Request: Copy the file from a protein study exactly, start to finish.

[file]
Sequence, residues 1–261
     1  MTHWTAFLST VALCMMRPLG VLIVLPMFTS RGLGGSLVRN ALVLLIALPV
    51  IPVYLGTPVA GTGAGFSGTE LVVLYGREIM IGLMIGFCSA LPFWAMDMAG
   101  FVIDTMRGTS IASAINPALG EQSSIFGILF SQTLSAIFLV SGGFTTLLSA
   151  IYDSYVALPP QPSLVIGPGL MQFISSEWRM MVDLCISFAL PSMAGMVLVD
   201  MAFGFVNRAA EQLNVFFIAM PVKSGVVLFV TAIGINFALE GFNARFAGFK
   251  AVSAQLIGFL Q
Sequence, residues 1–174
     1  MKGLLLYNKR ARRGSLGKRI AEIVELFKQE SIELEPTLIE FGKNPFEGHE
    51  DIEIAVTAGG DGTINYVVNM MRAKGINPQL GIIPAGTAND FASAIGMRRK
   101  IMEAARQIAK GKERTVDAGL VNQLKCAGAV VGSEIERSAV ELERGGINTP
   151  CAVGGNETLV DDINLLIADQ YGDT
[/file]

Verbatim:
Sequence, residues 1–261
     1  MTHWTAFLST VALCMMRPLG VLIVLPMFTS RGLGGSLVRN ALVLLIALPV
    51  IPVYLGTPVA GTGAGFSGTE LVVLYGREIM IGLMIGFCSA LPFWAMDMAG
   101  FVIDTMRGTS IASAINPALG EQSSIFGILF SQTLSAIFLV SGGFTTLLSA
   151  IYDSYVALPP QPSLVIGPGL MQFISSEWRM MVDLCISFAL PSMAGMVLVD
   201  MAFGFVNRAA EQLNVFFIAM PVKSGVVLFV TAIGINFALE GFNARFAGFK
   251  AVSAQLIGFL Q
Sequence, residues 1–174
     1  MKGLLLYNKR ARRGSLGKRI AEIVELFKQE SIELEPTLIE FGKNPFEGHE
    51  DIEIAVTAGG DGTINYVVNM MRAKGINPQL GIIPAGTAND FASAIGMRRK
   101  IMEAARQIAK GKERTVDAGL VNQLKCAGAV VGSEIERSAV ELERGGINTP
   151  CAVGGNETLV DDINLLIADQ YGDT